“The benefits are twofold—retaining and attracting employees," says Ken Costello, the chief operating officer for MST Solutions, a technology consulting and implementation company that has just over 300 employees through the United States and India.
“Our employees range from architects to recent college grads. We pay for both traditional education and technical training," Costello says. "We will pay for conference attendance, online and in-person training, networking or really any type of training that aligns with the employees' professional development goals."
Making sure the employee education fits in with the company's agenda is a good idea.
“If your company makes widgets, you probably don't want to pay for your employee to go to nursing school," Selepak says.
On the other hand, it depends on what your company's goals are. Maybe you're fine with your employees someday going to nursing school and bragging that they got their start with your company. Some businesses with minimum-wage-paying jobs have high turnover and recognize that is likely to always be the case. They may offer their younger workers bonuses to go toward college, if they work a certain amount of days at the job. In those cases, the employee is expected to move on.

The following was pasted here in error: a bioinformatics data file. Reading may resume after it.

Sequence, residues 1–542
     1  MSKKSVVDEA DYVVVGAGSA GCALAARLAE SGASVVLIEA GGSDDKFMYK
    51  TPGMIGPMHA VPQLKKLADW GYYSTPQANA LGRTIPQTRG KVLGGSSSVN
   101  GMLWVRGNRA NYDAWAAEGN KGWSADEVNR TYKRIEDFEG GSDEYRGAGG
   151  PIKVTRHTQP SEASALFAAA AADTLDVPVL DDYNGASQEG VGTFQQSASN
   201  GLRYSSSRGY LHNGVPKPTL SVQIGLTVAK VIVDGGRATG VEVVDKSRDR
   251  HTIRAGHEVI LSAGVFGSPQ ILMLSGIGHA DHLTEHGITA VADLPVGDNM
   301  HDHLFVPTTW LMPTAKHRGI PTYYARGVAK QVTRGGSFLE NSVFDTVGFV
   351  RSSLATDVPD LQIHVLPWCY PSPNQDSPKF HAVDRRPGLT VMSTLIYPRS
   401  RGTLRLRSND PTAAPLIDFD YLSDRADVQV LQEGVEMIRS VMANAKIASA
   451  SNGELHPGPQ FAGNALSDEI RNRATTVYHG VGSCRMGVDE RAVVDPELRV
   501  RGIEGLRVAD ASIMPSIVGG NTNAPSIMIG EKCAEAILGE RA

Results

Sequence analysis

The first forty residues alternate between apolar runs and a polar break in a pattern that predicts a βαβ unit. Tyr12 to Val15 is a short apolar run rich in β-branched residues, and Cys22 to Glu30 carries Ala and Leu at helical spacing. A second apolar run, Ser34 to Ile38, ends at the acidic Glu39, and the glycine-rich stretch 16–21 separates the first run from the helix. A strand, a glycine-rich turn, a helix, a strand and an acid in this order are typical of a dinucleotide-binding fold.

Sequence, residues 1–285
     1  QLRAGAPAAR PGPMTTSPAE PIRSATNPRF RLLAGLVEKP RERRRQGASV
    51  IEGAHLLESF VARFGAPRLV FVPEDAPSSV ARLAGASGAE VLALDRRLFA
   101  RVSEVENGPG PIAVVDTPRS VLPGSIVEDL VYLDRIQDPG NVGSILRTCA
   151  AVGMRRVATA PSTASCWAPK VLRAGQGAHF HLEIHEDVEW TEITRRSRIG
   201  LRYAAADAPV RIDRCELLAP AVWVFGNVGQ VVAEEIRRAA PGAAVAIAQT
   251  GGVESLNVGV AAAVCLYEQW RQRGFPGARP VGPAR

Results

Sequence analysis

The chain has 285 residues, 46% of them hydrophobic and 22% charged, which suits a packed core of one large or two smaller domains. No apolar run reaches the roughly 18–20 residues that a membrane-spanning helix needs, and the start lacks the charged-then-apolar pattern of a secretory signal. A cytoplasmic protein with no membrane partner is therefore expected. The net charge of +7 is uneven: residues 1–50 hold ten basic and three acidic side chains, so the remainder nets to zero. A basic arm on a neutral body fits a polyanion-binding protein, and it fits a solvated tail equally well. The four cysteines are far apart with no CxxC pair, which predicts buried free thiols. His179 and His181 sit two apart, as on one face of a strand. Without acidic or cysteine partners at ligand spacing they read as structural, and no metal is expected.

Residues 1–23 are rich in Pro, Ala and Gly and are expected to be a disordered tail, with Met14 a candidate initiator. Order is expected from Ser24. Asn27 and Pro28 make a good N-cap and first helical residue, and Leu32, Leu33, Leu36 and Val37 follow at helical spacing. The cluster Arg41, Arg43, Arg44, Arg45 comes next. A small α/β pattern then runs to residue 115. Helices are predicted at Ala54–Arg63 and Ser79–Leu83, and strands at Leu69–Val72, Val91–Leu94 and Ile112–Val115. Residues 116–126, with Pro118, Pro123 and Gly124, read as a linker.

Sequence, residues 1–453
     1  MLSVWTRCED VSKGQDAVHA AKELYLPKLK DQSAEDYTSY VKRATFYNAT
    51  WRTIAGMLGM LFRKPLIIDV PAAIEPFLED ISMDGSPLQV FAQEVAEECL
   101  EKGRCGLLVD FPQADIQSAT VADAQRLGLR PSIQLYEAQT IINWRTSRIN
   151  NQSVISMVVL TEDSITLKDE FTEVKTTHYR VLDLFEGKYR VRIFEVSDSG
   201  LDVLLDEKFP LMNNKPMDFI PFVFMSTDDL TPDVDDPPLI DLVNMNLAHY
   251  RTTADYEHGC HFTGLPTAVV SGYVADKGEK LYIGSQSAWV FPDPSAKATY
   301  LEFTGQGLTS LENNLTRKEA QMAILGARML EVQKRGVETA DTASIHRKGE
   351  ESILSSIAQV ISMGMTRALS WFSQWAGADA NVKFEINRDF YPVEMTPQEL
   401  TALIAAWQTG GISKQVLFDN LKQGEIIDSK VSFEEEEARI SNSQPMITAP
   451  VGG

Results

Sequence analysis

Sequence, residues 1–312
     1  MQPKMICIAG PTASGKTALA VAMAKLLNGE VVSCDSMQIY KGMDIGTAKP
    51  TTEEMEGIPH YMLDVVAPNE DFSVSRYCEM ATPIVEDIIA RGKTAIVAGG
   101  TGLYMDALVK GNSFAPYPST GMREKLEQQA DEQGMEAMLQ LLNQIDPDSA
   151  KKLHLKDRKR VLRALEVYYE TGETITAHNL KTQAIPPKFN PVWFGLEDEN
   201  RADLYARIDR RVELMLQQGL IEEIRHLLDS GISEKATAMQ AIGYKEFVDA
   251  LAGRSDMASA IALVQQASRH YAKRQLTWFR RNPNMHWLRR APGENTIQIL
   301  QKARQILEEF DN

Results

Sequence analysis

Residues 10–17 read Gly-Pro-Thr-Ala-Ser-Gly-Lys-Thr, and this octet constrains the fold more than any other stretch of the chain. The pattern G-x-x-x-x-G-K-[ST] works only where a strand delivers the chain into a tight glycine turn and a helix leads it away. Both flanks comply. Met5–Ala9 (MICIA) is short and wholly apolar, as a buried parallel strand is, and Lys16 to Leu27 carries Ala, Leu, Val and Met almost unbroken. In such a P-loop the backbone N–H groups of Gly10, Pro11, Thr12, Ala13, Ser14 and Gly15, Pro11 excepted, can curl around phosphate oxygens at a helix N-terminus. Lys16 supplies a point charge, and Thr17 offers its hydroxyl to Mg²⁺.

Still, other businesses will make a point to let employees further their education in other ways that don't match up with the company's mission, simply as a way to encourage being well-rounded.
Our operations today are tighter, leaner and more efficient because were able to send someone to the class in real time.
—James Phillip, founder and chairman, JMJ Phillip Executive Search
Whatever your goals are for using tuition as one of your employee incentives, it's an attractive perk.
“Continuing education benefits is not something you see every day, so this added bonus makes your benefits package shine," Santoro says. "It strengthens your recruiting process to be able to offer a training and development program in addition to a benefits package."
After all, employees don't want to feel as if they're taking a job that's a dead end, where they'll learn nothing that will help them in the future, whether at your company or another.